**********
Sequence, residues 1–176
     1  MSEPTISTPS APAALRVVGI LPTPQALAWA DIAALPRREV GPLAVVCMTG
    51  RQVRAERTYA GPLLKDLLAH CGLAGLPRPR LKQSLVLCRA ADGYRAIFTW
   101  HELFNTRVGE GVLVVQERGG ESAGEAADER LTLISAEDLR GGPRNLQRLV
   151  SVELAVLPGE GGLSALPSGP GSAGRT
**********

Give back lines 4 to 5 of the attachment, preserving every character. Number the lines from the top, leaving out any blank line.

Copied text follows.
   101  HELFNTRVGE GVLVVQERGG ESAGEAADER LTLISAEDLR GGPRNLQRLV
   151  SVELAVLPGE GGLSALPSGP GSAGRT